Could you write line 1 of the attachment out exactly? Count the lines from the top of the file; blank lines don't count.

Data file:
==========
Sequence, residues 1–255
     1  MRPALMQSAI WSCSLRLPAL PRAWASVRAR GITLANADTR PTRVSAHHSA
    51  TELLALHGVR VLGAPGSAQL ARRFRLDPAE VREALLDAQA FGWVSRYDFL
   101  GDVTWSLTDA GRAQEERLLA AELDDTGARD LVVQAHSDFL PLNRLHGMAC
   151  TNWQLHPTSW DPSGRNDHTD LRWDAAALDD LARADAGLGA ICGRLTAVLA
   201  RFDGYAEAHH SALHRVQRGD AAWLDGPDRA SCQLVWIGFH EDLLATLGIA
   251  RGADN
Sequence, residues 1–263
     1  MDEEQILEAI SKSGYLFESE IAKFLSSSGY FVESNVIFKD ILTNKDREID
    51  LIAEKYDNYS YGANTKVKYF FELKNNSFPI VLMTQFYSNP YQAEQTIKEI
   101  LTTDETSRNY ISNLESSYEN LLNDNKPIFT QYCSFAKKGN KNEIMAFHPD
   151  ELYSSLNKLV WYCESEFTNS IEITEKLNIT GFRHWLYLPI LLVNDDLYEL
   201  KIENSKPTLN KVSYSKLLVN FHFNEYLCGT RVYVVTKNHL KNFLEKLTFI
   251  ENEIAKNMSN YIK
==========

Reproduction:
Sequence, residues 1–255